Our correspondent in Muzafarabad describes the commitment of the small Catholic community to help survivors, as well as the discrimination it suffers every day. The parish priest: "Pray that local Catholics may help more and resolve their own problems".
Muzafarabad (AsiaNews) The Catholic community in Muzafarabad and Abottabad "responded as soon as it grasped the extent of the damage provoked by the earthquake on 8 October". The community equipped trucks to ferry the sick and distributed food and blankets, while sisters and priests are at work in camp hospitals in temporary settlements.
Usually, in Muzafarabad, Catholics are permitted neither to build churches, nor to buy houses, nor to bury their dead in the common cemetery; to do so, they must go to Punjab province.
Fr Inayat Patras, parish priest of the Catholic Church of Abottabad, told AsiaNews his community "was frightened when we heard about the large-scale devastation of Muzafarabad; I sent my catechists with some other people there on the same evening so we could have first-hand information about the needs, because telephone lines were down. The following evening they came back and told me the earthquake had destroyed everything, that people were homeless and spending the night in the open air, even those with severe injuries.
"Most Christians in Muzafarabad work in small construction or transport companies and they told me they could have the use of a truck, but they had no fuel. We quickly got hold of 60 litres of fuel and sent them to Abottabad. They gathered the injured in the truck and ferried them to the medical complex in the Ayub tent settlement, where they received first aid. Later, we brought them to the parish, where we hosted and looked after them. Thank God, they are better now and they have been able to return to Muzafarabad, because the city Corporation has called them to continue working. However they are living in tents.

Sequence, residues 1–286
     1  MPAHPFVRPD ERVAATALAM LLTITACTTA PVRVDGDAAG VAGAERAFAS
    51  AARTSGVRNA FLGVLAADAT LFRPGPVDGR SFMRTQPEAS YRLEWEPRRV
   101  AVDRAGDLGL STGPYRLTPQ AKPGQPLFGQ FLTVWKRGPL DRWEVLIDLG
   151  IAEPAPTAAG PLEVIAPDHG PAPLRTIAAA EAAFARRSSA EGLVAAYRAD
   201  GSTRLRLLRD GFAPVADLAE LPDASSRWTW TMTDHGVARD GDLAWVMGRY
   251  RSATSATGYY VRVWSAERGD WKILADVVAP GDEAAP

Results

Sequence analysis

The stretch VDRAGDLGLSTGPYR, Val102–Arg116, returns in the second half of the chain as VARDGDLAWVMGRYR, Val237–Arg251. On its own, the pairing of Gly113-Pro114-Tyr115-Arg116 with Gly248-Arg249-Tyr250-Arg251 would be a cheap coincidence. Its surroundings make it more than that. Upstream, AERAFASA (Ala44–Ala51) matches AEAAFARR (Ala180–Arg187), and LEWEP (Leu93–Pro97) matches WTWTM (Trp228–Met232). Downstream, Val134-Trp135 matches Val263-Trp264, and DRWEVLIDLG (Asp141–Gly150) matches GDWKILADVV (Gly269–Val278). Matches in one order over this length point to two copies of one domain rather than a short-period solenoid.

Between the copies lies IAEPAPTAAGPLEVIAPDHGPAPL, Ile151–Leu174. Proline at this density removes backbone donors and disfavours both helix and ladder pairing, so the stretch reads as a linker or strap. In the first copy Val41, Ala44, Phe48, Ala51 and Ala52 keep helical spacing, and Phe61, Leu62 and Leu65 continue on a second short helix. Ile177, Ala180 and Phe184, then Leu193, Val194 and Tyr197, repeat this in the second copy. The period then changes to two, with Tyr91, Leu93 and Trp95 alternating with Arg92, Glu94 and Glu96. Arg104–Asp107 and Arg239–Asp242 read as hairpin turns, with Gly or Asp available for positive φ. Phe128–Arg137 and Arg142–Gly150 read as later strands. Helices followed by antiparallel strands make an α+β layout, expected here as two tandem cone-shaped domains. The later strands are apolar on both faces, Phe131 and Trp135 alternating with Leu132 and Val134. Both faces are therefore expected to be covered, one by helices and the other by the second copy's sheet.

"We loaded them with food, warm clothing, blankets and tents and we are trying to help them meet all their needs, even from afar. I want to thank especially Mgr Joseph Coutts, bishop of Faisalabad and national director of Caritas for this, because he has helped us generously.
"Two French scouts came here with food and blankets and now they are distributing them and helping in what needs to be done. Fr Roy, an English priest who runs a programme for drug addicts in Peshawar diocese is now working with 12 parishioners at the medical complex in Ayub settlement. Sr Sylvia, an American from the Congregation of the Medical Mission Sisters, has been working there with two co-sisters since 1 November.
Sr Sylvia told AsiaNews the nuns will continue offering their service to help the wounded "until they need us. Many other nuns have also been helping out here, because Pakistani women do not allow male doctors to treat them and they deal with us, women and religious, much more willingly".
However, Fr Patras said Christians in Muzafarabad "have problems". "We do not have a church and we cannot buy houses. We cannot bury our dead here because people don't want this. The government has promised to give us land for a church, and we are waiting".
The government gave its word only after tragedy struck. "A small girl died in the city in the last week of July and her parents had to hire a truck to bury her in a village of Punjab province; they were not allowed to do so here. There were 12 relatives of the deceased girl in the truck, which fell into a river due to a landslide. Six relatives died in the accident, two drowned and the rest were injured."
The last words of the parish priest were: "Pray for us faithful here that we may be able to help the earthquake survivors still more and that our own problems may be resolved".